You have to be 18 or older to see YOU KILLED ME FIRST, which, according to the KW Institute of Contemporary Art, is the first exhibition on the Cinema of Transgression. There'll be a talk with Nick Zedd on Tuesday evening, followed by another with Richard Kern on Wednesday. The exhibition's opened this weekend and will be on view through April 9.
Also in Berlin, and starting tomorrow, the Arsenal will be screening a selection of titles from the Forum program at this year's just-wrapped Berlinale. Eleven films over eleven evenings, beginning with the three films by Yuzo Kawashima, The Sun in the Last Days of the Shogunate (1957), Suzaki Paradise: Red Light (1956) and Between Yesterday and Tomorrow (1954), and ending with the two restorations of films by Shirley Clarke, Ornette: Made in America (1984) and The Connection (1961).
Next week, the Arsenal wraps its series of films by Ulrike Ottinger by screening her Berlin Trilogy from February 26 through 29.
In other news. Back in January, when the Voice laid off J Hoberman, many were predicting that he'd land on his feet, and sure enough, he's been named chief film critic of Blouin ARTINFO. We should start seeing his weekly film reviews and features some time this week, reports Jeff Sneider for Variety.
"Amy Taubin is joining the New York Film Festival's Selection Committee," reports indieWIRE. "She replaces critic Dennis Lim, who concluded his three-year term. This year will mark the festival's 50th anniversary, which will run September 28 to October 14, as well as the last year under Film Society of Lincoln Center program director Richard Peña, who has announced that he will step down after the 2012 edition."
The latest addition to the Art Theatre Guild Pamphlet Project at Nihon Cine Art is #112, on Akio Jissoji's Life of a Court Lady (1974).
DVDs. Frank Tashlin's Rock-a-Bye Baby (1958) and The Geisha Boy (1958) and John Rich's Boeing Boeing (1965), all starring Jerry Lewis, "have just been released by Olive Films in excellent Blu-ray editions (standard DVDs are also available) that do justice to the bold, deeply saturated colors of the original productions, a reminder of how color was still considered a nonnaturalistic element in the 1950s, the use of which required a very careful coordination of lighting and set design." Dave Kehr in the New York Times. Sean Axmaker has more at Parallax View, where he also reviews Hen's Tooth's releases of two films from independent producer Edward Small, The Count of Monte Cristo (1934) and The Man in the Iron Mask (1939).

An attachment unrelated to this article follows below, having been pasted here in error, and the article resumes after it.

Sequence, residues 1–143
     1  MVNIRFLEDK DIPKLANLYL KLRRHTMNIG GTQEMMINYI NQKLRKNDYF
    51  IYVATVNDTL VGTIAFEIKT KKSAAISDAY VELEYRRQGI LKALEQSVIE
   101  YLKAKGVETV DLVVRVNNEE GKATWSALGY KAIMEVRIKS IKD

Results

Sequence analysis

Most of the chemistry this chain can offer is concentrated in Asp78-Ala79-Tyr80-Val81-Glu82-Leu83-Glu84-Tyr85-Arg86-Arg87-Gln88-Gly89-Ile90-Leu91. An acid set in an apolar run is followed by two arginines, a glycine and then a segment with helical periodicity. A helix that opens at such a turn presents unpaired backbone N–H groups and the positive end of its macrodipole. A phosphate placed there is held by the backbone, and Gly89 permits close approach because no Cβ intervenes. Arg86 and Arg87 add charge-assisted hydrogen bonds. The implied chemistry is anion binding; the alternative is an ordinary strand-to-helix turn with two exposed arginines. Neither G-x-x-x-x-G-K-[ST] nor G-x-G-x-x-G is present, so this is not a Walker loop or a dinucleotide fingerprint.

"Lionel Rogosin's 1956 film On the Bowery is a time capsule in at least two senses," writes Dennis Lim in the Los Angeles Times, "a portrait of a hand-to-mouth existence of a once-notorious New York City thoroughfare, as well as a glimpse into a largely forgotten byway of American documentary film." More from Michael Wilson in the NYT. Milestone Films is releasing On the Bowery in two-disc standard DVD and Blu-ray editions.
"The concept is pure Hollywood fantasy, and yet the experience of watching Warrior is more akin to that of a low-budget indie family drama crossed with a particularly intense foreign horror film," writes Eric Freeman at the Classical. Gavin O'Connor's film came out from Lionsgate in December.
In the works. "Sundance Selects has acquired North American rights to Romanian director Cristian Mungiu's Beyond the Hills," reports indieWIRE's Peter Knegt. "The film has yet to set a premiere date, but it seems quite likely to make the Cannes lineup — where [Mungiu's 4 Months, 3 Weeks and 2 Days (2007)] won the Palme d'Or."
"Antonio Banderas will play Pablo Picasso in Carlos Saura's upcoming 33 dias (33 Days), about the painter's emotional turmoil as he worked on [his] masterpiece Guernica," reports Emiliano De Pablos for Variety.
Awards. Nathaniel Rogers has the winners of this weekend's round, starting with the American Cinema Editors, moving on to the USC Scripters and the NAACP Image Awards. The LAT's Susan King adds the winners of the Cinema Audio Society Awards.